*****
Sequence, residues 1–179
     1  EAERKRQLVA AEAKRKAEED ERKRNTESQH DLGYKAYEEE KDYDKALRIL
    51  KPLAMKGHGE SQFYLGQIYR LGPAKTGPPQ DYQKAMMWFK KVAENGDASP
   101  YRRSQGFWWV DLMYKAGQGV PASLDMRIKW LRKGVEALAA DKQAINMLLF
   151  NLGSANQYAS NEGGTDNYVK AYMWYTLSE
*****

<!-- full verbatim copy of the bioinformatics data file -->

Sequence, residues 1–179
     1  EAERKRQLVA AEAKRKAEED ERKRNTESQH DLGYKAYEEE KDYDKALRIL
    51  KPLAMKGHGE SQFYLGQIYR LGPAKTGPPQ DYQKAMMWFK KVAENGDASP
   101  YRRSQGFWWV DLMYKAGQGV PASLDMRIKW LRKGVEALAA DKQAINMLLF
   151  NLGSANQYAS NEGGTDNYVK AYMWYTLSE